The author of this slender but useful volume sets the stage by writing, “Functional equations are often the most difficult problems to be found on mathematics competitions because they require a minimal amount of background theory and a maximal amount of ingenuity.” His aim is to provide participants and coaches with enough theory to serve as a framework for successful problem solving in contests such as the International Mathematical Olympiad and the Putnam. As the author points out, books on problem solving usually include some discussion of functional equations, but these analyses are often buried within a chapter on algebra problems and fail to develop enough methodology to be more than a bag of tricks. One of the better treatments can be found in Problem-Solving Strategies by Arthur Engel (Springer, 1998).
The book under review deals mostly with real-valued functions of a single real variable, but also looks at functions with complex arguments and functions defined on the natural numbers. The author makes the case for setting the chapter on functional equations in two or more variables before a discussion of functional equations in a single variable, pointing out that an equation in two or more variables is formally equivalent to a family of simultaneous equations in one variable. In the context of high school competitions, a knowledge of limits and continuity cannot be assumed, so the author discusses other regularity conditions that can be substituted (monotonicity, boundedness, and so forth).
Small opens with an interesting chapter on the history of functional equations, beginning with the work of Nicole Oresme in the fourteenth century and then moving on to contributions by Cauchy, d’Alembert, Babbage, and Ramanujan. The last official chapter (“Some closing heuristics”) is a list of nine rules of thumb for dealing with functional equations. The material in between consists of good exposition, illuminating examples, and excellent problems, many from math competitions. The influence of Janos Aczél, an emeritus colleague of the author at the University of Waterloo, is obvious; and this book serves as an excellent introduction to more comprehensive works such as Aczél’s Lectures on Functional Equations and Their Applications. In summary, Functional Equations and How to Solve Them fills a need and is a valuable contribution to the literature of problem solving.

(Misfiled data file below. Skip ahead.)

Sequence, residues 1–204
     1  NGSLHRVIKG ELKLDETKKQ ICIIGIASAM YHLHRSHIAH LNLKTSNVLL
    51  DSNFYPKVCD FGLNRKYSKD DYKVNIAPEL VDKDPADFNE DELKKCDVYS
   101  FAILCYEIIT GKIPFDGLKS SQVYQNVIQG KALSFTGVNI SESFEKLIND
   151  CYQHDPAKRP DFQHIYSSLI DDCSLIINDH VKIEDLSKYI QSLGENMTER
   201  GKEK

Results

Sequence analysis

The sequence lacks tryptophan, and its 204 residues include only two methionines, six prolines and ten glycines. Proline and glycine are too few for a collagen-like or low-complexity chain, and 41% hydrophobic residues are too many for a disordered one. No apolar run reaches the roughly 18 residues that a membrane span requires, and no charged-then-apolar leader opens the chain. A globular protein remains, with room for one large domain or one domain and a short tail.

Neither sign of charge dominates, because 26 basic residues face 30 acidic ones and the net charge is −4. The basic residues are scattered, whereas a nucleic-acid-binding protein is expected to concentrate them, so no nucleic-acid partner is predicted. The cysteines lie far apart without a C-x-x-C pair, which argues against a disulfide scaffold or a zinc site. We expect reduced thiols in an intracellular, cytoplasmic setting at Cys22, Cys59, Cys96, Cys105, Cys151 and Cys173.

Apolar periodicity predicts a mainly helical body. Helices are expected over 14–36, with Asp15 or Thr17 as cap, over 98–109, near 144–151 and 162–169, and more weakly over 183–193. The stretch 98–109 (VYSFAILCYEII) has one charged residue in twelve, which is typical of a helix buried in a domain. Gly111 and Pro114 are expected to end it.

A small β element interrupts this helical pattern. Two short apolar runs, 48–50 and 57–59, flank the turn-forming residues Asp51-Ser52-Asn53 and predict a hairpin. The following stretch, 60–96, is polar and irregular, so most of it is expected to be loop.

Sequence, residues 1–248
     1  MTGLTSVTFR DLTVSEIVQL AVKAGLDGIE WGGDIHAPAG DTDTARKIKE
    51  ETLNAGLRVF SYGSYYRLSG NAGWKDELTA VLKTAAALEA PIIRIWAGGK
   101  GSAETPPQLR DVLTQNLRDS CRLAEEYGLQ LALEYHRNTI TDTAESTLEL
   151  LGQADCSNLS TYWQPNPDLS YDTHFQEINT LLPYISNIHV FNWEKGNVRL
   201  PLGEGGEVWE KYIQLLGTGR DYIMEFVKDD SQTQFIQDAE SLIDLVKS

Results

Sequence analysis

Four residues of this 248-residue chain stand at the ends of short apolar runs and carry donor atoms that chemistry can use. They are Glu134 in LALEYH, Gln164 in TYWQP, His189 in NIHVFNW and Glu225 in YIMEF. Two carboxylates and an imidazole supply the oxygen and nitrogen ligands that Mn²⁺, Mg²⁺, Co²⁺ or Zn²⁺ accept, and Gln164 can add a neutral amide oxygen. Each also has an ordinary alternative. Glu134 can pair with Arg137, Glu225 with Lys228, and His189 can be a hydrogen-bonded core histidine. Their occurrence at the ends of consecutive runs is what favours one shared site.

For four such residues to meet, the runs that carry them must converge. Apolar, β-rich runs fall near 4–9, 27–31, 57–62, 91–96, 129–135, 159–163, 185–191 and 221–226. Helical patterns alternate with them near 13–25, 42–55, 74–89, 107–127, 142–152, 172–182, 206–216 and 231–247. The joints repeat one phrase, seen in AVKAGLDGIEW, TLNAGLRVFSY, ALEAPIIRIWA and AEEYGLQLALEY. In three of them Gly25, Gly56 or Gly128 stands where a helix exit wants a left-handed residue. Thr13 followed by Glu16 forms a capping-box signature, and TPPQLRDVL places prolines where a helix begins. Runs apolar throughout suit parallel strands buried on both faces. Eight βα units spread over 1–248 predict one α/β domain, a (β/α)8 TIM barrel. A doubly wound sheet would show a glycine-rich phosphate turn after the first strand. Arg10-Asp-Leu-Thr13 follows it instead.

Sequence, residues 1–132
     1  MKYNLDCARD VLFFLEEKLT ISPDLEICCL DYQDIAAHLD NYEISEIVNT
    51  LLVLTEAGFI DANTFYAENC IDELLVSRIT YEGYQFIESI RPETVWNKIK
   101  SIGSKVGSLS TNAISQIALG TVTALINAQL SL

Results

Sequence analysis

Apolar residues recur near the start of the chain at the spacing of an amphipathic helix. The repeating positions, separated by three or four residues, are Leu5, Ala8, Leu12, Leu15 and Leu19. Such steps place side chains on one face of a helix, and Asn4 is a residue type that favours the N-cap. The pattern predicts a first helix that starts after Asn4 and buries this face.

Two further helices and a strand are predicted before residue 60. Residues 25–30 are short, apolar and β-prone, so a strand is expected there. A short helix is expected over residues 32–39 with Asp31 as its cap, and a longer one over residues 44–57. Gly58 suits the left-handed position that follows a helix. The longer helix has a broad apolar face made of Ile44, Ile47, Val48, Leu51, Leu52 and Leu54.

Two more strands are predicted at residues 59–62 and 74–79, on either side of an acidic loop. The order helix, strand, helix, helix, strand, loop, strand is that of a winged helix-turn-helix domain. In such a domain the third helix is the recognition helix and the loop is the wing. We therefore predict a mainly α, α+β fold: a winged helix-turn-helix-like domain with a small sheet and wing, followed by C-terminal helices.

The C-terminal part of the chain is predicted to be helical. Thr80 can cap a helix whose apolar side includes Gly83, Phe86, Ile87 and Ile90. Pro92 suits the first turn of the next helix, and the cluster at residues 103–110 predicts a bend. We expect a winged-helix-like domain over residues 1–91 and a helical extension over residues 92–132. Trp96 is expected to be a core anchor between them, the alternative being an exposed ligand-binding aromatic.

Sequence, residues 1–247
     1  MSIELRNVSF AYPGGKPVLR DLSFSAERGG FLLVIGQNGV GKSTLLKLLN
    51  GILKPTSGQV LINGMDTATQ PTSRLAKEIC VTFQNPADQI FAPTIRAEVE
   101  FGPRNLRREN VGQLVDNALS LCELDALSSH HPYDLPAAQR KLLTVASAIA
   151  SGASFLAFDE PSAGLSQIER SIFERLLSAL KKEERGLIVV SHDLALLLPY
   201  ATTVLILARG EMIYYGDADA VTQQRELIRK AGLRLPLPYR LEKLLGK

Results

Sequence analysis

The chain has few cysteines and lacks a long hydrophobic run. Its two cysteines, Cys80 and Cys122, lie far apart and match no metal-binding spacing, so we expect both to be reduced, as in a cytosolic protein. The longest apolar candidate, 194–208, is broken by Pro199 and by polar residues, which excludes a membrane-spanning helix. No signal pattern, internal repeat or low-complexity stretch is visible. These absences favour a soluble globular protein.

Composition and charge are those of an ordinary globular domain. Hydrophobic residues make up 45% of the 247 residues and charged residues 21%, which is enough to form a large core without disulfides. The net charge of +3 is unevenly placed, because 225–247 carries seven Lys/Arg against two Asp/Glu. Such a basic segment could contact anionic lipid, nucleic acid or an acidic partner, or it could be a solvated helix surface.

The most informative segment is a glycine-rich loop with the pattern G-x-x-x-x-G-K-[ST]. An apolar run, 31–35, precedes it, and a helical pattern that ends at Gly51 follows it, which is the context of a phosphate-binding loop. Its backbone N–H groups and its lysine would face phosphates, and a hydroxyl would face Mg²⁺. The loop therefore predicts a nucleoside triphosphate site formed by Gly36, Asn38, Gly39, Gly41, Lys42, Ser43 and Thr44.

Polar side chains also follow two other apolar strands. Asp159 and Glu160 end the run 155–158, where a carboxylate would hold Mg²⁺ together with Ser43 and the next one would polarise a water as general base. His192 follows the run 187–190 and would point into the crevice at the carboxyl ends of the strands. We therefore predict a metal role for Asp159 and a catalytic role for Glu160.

Henry Ricardo (firstname.lastname@example.org) is Professor of Mathematics at Medgar Evers College of The City University of New York and Secretary of the Metropolitan NY Section of the MAA. His book, A Modern Introduction to Differential Equations, was published by Houghton Mifflin in January, 2002; and he is currently writing a linear algebra text.